Optimus G Pro deep-dive review: A supersized smartphone done right

LG's new Android smartphone brings a fresh dose of elegance to the large smartphone form.

By , Computerworld |  

In the world of smartphones, you've got the rock stars -- the phones with all the flash and hype -- and then you've got the less glitzy, less heavily marketed alternatives. Here's a little secret: The phones in the second group are frequently the better devices.

That's certainly the case with LG's Optimus G Pro. The Optimus G Pro -- available this Friday on AT&T for $200 with a two-year contract -- is the latest gadget to enter the supersized smartphone market (what some folks regrettably refer to as a "phablet"). And while it may not have the same name recognition as the current category leader, Samsung's Galaxy Note II, it outshines that product in almost every way -- and it's a hundred bucks cheaper to boot.

So is the Optimus G Pro the right phone for you? Don't let ads and store placement sway your decision. I spent several days living with the device to see what it's actually like to use in the real world. Read on and see what you think.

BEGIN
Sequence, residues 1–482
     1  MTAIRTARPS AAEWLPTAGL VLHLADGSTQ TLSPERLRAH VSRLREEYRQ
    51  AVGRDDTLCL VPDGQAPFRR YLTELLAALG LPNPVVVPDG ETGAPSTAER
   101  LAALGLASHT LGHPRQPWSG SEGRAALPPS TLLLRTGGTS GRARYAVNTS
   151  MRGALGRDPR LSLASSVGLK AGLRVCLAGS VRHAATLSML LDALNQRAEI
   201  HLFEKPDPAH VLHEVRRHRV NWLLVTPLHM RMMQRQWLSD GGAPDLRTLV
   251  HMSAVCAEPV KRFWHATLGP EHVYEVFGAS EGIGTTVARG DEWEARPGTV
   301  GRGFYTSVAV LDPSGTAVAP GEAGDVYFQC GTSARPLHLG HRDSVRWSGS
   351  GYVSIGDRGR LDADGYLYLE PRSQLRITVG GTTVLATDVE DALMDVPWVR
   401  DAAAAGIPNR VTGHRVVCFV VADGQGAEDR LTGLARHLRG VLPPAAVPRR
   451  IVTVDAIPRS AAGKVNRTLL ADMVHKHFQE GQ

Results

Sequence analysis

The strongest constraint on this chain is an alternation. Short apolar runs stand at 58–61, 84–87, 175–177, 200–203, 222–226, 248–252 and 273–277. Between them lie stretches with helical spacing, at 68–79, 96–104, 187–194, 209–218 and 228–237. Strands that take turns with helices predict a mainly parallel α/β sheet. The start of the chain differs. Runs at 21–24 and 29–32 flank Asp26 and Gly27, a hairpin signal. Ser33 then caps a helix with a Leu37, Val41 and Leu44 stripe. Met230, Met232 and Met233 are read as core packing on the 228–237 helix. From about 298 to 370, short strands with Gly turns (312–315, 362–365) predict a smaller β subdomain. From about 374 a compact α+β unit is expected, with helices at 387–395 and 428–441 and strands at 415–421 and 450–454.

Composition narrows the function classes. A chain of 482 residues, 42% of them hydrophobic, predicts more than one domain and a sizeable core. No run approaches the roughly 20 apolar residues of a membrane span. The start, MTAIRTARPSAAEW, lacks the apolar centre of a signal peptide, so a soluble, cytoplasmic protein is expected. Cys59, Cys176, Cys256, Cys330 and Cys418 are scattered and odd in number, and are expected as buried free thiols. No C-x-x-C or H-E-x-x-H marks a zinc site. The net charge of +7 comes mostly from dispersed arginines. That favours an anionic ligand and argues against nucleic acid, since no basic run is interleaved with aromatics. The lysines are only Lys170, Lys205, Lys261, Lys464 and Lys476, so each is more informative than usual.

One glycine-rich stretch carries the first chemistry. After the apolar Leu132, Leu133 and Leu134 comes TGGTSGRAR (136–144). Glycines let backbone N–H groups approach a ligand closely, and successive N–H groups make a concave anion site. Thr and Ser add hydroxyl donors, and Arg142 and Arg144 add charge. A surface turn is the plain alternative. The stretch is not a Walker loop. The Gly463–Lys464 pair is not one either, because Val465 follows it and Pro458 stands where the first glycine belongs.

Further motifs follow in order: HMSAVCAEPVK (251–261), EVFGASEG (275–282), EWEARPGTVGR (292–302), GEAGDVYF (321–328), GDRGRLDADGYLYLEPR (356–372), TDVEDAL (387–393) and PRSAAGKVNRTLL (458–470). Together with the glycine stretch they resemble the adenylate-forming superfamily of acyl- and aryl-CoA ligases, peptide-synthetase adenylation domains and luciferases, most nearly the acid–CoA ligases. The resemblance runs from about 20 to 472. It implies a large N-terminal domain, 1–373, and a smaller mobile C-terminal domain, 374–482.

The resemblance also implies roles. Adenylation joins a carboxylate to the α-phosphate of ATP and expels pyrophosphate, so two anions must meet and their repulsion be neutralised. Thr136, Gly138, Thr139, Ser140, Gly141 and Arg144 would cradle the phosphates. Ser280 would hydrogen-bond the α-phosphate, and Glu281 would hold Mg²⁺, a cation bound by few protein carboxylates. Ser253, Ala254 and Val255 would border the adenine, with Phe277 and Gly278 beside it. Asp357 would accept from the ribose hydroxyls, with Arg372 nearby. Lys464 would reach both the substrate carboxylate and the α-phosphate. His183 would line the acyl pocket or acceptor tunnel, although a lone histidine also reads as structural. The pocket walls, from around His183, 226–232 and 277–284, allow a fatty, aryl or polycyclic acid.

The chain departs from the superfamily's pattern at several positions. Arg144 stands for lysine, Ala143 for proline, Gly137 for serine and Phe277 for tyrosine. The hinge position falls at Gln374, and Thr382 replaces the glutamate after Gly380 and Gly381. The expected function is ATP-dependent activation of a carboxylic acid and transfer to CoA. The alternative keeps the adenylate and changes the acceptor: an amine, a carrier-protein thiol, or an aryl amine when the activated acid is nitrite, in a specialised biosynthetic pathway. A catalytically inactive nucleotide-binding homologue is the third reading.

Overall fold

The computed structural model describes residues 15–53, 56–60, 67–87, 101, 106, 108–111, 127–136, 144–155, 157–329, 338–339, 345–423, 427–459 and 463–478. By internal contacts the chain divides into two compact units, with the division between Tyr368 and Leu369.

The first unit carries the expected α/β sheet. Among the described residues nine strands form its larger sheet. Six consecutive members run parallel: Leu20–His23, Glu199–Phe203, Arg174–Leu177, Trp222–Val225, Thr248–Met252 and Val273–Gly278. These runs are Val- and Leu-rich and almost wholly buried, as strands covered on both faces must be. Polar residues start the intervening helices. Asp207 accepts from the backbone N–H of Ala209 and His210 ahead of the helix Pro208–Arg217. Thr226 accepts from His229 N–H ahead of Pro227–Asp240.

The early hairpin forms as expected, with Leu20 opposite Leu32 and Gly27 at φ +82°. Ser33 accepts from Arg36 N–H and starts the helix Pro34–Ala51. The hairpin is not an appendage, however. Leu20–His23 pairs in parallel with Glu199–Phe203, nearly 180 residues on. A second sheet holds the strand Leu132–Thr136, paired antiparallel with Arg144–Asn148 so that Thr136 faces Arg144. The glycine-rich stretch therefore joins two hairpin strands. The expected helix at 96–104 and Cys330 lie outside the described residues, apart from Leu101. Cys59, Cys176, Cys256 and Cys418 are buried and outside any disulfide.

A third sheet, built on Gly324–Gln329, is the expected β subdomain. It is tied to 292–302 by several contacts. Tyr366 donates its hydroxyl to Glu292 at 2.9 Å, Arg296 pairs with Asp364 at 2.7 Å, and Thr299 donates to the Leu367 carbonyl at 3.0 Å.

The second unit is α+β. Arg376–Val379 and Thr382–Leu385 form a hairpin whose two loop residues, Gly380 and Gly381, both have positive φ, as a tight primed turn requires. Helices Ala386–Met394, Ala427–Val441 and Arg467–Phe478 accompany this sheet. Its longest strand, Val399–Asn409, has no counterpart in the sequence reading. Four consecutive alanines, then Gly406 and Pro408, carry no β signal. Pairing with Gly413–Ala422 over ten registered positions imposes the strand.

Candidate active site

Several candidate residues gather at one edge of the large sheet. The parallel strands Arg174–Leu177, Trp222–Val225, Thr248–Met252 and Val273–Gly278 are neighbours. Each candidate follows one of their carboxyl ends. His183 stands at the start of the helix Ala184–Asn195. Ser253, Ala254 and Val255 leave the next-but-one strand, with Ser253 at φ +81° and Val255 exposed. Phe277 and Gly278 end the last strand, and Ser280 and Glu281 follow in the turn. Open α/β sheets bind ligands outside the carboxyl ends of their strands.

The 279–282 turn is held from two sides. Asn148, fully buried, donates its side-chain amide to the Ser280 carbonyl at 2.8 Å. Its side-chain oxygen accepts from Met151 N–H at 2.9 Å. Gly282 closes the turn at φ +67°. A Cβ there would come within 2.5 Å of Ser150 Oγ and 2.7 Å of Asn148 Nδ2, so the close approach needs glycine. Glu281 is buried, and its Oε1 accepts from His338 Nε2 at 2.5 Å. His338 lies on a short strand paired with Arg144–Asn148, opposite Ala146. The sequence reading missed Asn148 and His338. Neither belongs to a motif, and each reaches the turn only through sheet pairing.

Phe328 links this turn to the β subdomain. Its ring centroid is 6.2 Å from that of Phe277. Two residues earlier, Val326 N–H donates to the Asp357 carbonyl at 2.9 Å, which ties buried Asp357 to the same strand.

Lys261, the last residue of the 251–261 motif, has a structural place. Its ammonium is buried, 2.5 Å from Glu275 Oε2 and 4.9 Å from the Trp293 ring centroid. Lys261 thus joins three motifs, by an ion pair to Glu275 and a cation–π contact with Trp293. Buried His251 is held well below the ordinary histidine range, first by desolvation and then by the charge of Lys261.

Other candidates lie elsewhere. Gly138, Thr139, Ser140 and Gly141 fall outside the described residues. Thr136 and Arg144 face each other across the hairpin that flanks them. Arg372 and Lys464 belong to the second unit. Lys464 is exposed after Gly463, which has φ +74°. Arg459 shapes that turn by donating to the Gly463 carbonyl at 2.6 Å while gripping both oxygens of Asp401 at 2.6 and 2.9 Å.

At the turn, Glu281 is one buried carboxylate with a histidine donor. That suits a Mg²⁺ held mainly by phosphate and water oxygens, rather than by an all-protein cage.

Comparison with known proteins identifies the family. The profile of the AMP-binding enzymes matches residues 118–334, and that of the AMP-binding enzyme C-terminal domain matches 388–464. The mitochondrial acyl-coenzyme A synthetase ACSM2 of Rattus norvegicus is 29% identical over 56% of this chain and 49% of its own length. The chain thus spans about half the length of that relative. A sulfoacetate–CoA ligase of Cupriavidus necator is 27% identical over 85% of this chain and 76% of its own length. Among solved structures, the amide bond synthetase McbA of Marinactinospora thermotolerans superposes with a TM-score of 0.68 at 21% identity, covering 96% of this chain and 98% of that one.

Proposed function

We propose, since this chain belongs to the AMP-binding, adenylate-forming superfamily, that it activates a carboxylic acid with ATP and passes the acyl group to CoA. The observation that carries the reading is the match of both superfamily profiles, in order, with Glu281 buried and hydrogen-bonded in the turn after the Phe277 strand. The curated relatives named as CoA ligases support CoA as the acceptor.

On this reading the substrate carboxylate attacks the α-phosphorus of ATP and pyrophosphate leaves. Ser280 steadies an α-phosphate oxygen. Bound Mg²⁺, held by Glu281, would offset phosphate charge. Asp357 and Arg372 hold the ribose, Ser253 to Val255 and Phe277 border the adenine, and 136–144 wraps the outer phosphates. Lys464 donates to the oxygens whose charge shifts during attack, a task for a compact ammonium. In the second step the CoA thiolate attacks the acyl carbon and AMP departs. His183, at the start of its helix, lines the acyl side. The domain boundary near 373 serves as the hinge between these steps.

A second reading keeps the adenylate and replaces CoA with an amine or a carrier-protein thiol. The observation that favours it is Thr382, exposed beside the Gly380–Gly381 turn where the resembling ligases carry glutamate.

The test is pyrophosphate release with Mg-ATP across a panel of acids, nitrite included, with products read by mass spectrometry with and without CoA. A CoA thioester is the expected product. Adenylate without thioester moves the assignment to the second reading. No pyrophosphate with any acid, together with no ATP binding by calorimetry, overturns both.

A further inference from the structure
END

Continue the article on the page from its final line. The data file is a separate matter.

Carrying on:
Body and buttons

If the form alone doesn't clue you into the fact that the Optimus G Pro is made to compete with the Note II, the design language absolutely will. Plain and simple, the Optimus G Pro looks like the Note II -- no two ways about it (although it doesn't come with a stylus).

LG Optimus G Pro

In fact, when you first pick up the Optimus G Pro, you might actually mistake it for a Samsung device. The phone shares Samsung's plastic-centric construction, all the way down to the candy-shell-like removable back panel. Like with Samsung's phones, the plasticky construction makes the device look and feel less premium than some of its more strikingly constructed contemporaries, but within the realm of supersized phones, that style of build is presently par for the course.

The Optimus G Pro is 3.0 x 5.9 x 0.37 in. (that's a fifth of an inch narrower than the Note II, for anyone keeping track). Factor in its 6.1 oz. weight and this baby definitely ain't svelte: The sheer size of the phone makes it somewhat uncomfortable to carry and even more awkward to hold up to your ear. That's more of an issue with this category of product than with this device in particular, though; a phone this big just isn't going to work for everyone. I'd suggest spending some time holding it in a store and seeing how it feels in your hand to figure out if the form suits you.


Originally published on Computerworld |  Click here to read the original story.
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